Resolution Condemning the Ongoing Genocide Against Uyghurs (H.Res.317)
Passed in the House December 8, 2021.
The Resolution (H.Res.317) condemns the ongoing genocide and crimes against humanity being committed against Uyghurs and members of other religious and ethnic minority groups by the People’s Republic of China and calls upon the President to bring the genocide to the United Nations and “take all possible actions” to end the genocide. It was introduced in the House by Representative Michael McCaul (R), for himself and Representative Gregory Meeks (D), on April 14, 2021.
Be it resolved, that the House of Representatives–
(1) finds that the ongoing abuses against Uyghurs and members of other ethnic and religious minority groups constitute genocide as defined in the Genocide Convention and crimes against humanity as understood under customary international law;
(2) attributes these atrocity crimes against Uyghurs and members of other ethnic and religious minority groups to the People’s Republic of China, under the direction and control of the Chinese Communist Party;
(3) condemns this genocide and these crimes against humanity in the strongest terms; and
(4) calls upon the President to direct the United States Permanent Representative to the United Nations to use the voice, vote, and influence of the United States to–
(A) refer the People’s Republic of China’s genocide and crimes against humanity against Uyghurs and members of other ethnic and religious minority groups to the competent organs of the United Nations for investigation;
(B) seize the United Nations Security Council of the circumstances of this genocide and crimes against humanity and lead efforts to invoke multilateral sanctions in response to these ongoing atrocities; and
(C) take all possible actions to bring this genocide and these crimes against humanity to an end and hold the perpetrators of these atrocities accountable under international law.
The Resolution is submitted in consideration that:
Whereas, on December 9, 1948, the United Nations General Assembly unanimously adopted the Convention on the Prevention and Punishment of the Crime of Genocide (the Genocide Convention) signifying a commitment in response to the Holocaust and other crimes against humanity committed in the first half of the twentieth century;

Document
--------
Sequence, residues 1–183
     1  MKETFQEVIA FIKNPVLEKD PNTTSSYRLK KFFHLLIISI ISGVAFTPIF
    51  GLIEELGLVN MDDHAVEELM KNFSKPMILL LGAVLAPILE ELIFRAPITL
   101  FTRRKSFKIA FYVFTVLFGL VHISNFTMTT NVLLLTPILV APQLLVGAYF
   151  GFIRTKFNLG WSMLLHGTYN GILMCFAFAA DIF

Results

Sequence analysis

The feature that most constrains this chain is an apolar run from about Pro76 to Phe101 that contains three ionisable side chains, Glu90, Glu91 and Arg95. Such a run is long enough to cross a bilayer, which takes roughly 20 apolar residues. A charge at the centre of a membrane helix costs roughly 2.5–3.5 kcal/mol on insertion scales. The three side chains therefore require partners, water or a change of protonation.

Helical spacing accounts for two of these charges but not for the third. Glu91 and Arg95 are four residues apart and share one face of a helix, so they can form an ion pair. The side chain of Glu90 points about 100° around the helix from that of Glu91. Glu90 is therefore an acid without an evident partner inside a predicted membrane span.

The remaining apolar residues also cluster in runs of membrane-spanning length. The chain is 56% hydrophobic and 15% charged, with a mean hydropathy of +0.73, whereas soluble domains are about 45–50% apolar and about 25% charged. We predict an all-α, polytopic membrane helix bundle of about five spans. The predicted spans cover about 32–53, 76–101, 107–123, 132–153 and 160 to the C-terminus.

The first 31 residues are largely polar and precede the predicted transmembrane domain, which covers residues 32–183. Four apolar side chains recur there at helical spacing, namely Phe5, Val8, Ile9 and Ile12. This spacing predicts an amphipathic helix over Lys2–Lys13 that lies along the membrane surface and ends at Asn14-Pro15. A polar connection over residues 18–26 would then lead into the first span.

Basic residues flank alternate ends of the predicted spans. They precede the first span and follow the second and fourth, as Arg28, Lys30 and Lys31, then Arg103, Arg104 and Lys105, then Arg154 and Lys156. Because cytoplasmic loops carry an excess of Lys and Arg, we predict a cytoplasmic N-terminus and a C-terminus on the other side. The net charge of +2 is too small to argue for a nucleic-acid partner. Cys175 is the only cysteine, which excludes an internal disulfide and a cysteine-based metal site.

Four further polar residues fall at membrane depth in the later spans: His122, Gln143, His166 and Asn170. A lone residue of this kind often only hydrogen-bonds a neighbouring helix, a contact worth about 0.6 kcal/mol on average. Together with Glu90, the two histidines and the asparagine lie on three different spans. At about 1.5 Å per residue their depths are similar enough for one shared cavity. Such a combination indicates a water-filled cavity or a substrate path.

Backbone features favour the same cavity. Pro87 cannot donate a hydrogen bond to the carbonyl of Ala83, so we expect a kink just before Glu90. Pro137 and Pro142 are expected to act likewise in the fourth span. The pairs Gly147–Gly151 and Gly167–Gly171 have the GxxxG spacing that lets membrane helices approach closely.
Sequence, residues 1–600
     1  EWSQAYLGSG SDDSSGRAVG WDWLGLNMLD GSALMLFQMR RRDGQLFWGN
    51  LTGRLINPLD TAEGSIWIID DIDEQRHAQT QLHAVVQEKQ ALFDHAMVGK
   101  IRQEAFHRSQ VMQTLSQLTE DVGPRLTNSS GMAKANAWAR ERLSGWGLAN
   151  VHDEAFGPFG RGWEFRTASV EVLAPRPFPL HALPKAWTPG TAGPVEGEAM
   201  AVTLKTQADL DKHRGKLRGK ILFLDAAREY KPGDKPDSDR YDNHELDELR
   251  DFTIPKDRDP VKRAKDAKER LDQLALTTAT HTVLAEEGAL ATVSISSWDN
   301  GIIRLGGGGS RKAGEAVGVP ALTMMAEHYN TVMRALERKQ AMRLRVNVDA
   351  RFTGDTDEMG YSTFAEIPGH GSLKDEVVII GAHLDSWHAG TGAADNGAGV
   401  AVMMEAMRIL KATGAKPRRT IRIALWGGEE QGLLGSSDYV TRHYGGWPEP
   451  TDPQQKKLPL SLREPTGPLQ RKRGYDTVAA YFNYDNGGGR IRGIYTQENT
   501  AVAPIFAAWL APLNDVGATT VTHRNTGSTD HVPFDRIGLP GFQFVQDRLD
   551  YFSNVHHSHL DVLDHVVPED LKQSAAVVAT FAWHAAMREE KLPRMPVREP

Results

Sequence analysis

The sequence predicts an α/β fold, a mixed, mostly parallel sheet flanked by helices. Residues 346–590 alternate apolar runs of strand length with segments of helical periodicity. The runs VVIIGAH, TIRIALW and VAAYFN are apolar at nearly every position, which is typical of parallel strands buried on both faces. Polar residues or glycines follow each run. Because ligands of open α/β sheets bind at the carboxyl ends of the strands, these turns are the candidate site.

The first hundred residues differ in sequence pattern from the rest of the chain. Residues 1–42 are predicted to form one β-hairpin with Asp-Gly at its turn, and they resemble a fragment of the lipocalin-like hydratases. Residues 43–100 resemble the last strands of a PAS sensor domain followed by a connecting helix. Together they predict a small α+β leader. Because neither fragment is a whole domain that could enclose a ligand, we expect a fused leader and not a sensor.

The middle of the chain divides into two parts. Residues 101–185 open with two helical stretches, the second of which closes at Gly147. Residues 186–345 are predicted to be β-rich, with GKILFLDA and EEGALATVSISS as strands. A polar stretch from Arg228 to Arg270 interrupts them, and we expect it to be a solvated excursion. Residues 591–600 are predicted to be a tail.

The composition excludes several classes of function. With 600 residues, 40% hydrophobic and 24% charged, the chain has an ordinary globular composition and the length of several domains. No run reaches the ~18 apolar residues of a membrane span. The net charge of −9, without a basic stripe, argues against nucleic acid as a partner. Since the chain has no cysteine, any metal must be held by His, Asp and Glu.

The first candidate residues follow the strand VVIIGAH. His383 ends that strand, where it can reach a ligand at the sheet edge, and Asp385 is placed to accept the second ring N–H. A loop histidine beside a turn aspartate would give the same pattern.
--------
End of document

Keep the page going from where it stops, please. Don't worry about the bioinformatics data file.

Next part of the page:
Whereas the Genocide Convention entered into force on January 12, 1951, and declares that all state parties “confirm that genocide, whether committed in time of peace or in time of war, is a crime under international law which they undertake to prevent and to punish”;
Whereas the Genocide Convention defines genocide as “any of the following acts committed with intent to destroy, in whole or in part, a national, ethnical, racial or religious group, as such: (a) Killing members of the group; (b) Causing serious bodily or mental harm to members of the group; (c) Deliberately inflicting on the group conditions of life calculated to bring about its physical destruction in whole or in part; (d) Imposing measures intended to prevent births within the group; (e) Forcibly transferring children of the group to another group”;
Whereas the United States ratified the Genocide Convention with the understanding that the commission of genocide requires “the specific intent to destroy, in whole or in substantial part, a [protected] group as such”;
Whereas the People’s Republic of China (PRC) is a state party to the Genocide Convention;
Whereas, since 2017, the PRC Government, under the direction and control of the Chinese Communist Party (CCP), has detained and sought to indoctrinate more than one million Uyghurs and members of other ethnic and religious minority groups;
Whereas recent data indicate a significant drop in birth rates among Uyghurs due to enforced sterilization, enforced abortion, and more onerous birth quotas for Uyghurs compared to Han;
Whereas there are credible reports of PRC Government campaigns to promote marriages between Uyghurs and Han and to reduce birth rates among Uyghurs and other Turkic Muslims;
Whereas many Uyghurs reportedly have been assigned to factory employment under conditions that indicate forced labor, and some former detainees have reported food deprivation, beatings, suppression of religious practices, family separation, and sexual abuse;
Whereas this is indicative of a systematic effort to eradicate the ethnic and cultural identity and religious beliefs, and prevent the births of, Uyghurs, ethnic Kazakhs and Kyrgyz, and members of religious minority groups;
Whereas the birth rate in the Xinjiang region fell by 24 percent in 2019 compared to a 4.2 percent decline nationwide;
Whereas, on January 19, 2021, the Department of State determined the PRC Government, under the direction and control of the CCP, has committed crimes against humanity and genocide against Uyghurs and other ethnic and religious minority groups in Xinjiang;
Whereas, on the same day, then-Secretary of State designate Antony Blinken stated during a hearing on his nomination before the Senate Foreign Relations Committee that those atrocity determinations would be his judgment as well;
Whereas, on February 24, 2021, the spokesperson for the Department of State stated, “Secretary Blinken has determined that what has taken place in Xinjiang was genocide” and that “it constitutes crimes against humanity”;
Whereas Article VIII of the Genocide Convention provides, “Any Contracting Party may call upon the competent organs of the United Nations to take such action under the Charter of the United Nations as they consider appropriate for the prevention and suppression of acts of genocide”;
Whereas the International Court of Justice has stated that it is the obligation of all state parties to the Genocide Convention to “employ all means reasonably available to them, so as to prevent genocide so far as possible”; and
Whereas the United States is a Permanent Member of the United Nations Security Council.